Most of us tend to think that sensitivity to the rights of vulnerable human communities that are subjected to oppression is something limited to recent decades. According to the conventional wisdom, we are gradually learning to include more and more people, and also nonhuman creatures, in the category of those entitled to a life devoid of suffering. But works written hundreds of years ago refute this.
Contemporary readers of discussions that took place in Europe in the 17th and 18th centuries may be surprised to see the sensitivity displayed by many of those writing 300 years ago to the rights of indigenous Americans and to the suffering they endured during the period of the Spanish occupation. English writers in particular assailed the Spanish conquests in the Americas and the killing of millions of people, describing the barbarity and cruelty of these acts.
That sensitivity could be heartwarming if we didn’t know what the English themselves wrought during precisely the same period and in the centuries that followed. Because, as the English philosophers delved into the Spaniards’ crimes, thousands of slave ships were crossing the Atlantic Ocean, carrying millions of kidnapped Africans in inhuman conditions. English companies, with support from the government and the elites, were then committing one of the most heinous crimes in human history: the Atlantic slave trade. The oppression and annihilation of the Indigenous peoples in the English colonies was also proceeding apace. Thus, in 1755, the governor of Massachusetts offered a reward of 20 pounds for every scalp taken from a child from the Ottawa nation.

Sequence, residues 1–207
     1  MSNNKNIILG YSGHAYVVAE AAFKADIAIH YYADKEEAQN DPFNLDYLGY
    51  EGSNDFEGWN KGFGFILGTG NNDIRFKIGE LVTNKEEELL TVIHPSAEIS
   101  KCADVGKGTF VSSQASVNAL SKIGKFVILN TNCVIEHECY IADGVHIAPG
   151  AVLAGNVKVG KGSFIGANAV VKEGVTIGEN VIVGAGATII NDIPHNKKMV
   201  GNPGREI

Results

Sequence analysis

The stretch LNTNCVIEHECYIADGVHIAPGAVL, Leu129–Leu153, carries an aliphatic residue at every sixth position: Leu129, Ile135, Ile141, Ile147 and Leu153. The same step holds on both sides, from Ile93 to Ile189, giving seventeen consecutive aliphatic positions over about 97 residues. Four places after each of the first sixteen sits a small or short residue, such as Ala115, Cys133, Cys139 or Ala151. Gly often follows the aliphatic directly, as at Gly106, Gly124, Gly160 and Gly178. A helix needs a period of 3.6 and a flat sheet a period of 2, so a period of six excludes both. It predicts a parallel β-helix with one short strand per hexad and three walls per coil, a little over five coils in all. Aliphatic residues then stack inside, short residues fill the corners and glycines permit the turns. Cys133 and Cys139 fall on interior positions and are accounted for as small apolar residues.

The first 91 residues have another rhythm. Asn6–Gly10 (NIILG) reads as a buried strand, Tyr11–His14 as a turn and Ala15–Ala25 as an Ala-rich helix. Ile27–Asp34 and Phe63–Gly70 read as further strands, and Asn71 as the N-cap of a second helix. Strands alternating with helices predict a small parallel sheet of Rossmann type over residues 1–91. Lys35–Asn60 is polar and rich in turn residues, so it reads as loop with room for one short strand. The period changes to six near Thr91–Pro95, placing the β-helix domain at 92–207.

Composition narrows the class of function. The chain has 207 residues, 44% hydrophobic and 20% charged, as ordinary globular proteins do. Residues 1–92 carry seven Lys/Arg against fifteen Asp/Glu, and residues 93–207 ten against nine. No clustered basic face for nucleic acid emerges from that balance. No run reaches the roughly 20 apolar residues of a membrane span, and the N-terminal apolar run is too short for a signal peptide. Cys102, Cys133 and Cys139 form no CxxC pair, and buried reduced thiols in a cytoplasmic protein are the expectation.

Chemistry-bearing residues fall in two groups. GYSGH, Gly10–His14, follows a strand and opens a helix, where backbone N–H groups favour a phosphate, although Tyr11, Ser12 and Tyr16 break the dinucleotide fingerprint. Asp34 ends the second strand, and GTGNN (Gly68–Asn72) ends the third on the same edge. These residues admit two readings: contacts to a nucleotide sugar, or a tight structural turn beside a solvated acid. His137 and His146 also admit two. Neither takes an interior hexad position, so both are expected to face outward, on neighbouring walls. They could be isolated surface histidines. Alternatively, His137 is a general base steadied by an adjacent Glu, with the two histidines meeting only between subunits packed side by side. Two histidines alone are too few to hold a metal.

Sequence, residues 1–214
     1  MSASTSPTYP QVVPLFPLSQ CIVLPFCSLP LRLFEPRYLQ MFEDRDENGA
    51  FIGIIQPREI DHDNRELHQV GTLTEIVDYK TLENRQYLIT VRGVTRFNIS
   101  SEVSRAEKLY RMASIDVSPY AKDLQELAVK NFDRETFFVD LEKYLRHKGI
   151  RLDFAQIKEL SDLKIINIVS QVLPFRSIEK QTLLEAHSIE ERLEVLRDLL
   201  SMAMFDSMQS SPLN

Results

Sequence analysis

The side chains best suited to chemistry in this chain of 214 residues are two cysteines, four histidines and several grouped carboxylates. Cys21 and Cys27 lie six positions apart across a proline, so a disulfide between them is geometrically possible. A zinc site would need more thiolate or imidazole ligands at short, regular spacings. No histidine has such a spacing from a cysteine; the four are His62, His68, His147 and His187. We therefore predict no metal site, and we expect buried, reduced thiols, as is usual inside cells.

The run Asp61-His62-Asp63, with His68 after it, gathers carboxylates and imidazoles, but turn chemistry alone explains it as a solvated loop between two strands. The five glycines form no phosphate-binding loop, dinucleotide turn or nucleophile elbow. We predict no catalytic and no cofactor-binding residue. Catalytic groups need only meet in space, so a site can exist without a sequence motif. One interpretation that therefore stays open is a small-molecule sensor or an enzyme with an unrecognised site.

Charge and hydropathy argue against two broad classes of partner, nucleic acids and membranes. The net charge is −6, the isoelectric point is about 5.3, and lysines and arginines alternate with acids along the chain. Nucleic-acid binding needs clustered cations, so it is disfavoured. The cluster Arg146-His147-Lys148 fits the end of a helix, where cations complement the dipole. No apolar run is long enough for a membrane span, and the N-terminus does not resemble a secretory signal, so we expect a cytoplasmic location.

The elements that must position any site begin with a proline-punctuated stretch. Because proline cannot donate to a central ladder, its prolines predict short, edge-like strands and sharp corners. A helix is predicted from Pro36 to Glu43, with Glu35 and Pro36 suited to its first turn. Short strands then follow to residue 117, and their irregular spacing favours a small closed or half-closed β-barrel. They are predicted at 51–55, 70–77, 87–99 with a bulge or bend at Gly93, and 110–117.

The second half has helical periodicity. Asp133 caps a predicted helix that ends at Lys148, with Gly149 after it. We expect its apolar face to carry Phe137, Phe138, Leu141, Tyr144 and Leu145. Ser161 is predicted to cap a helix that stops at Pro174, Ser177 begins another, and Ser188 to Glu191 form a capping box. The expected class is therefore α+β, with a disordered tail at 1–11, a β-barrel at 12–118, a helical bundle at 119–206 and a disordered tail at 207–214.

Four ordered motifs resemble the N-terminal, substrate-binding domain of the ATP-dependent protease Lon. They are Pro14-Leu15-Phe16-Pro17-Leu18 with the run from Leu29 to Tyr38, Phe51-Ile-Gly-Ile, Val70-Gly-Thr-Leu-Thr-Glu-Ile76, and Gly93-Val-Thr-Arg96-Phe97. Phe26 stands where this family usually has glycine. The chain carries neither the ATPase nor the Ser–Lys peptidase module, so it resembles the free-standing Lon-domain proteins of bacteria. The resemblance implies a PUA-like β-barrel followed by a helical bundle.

This historical reminder is not intended to ridicule the hypocrisy of the English, but to point out a sad historical phenomenon: In many cases we show sensitivity about wrongs that are part of the past, while closing our eyes to equally cruel acts occurring in the present. The criminals of the past are denounced, but new crimes pile up at an accelerated rate.
In many countries, occupation with the past is something at the heart of the current public agenda. French President Emmanuel Macron is considering apologizing for his country’s responsibility for the Rwandan genocide in 1994. Previously he spoke about France’s colonialist crimes in Algeria. In the meantime, Germany has acknowledged the crimes it committed in Namibia at the start of the past century, and apologized for discriminating against homosexuals in the armed forces in the more recent past. Canadian Premier Justin Trudeau apologized for an array of crimes perpetrated by his country, from the annihilation of the Indigenous peoples to the internment of Italian Canadians during World War II, and so forth.
In Israel, too, historical wrongs often become part of the public agenda. For example, discussions are held about the radiation treatments for ringworm given to new immigrants and the abduction of Yemenite children during the early years of the state, as well as about the destruction of blood donations from Israelis of Ethiopian descent in the 1980s and ‘90s. In some cases, commissions of inquiry have been appointed to examine the wrongs and apportion responsibility. The scholar Ruth Amir examined these local cases in her book “Who is Afraid of Historical Redress?: The Israeli Victim-Perpetrator Dichotomy” (published in English in 2011), and presented them as part of the global trend of correcting historical injustices. Some believe that Israeli society is maturing and becoming able to face up to its past crimes.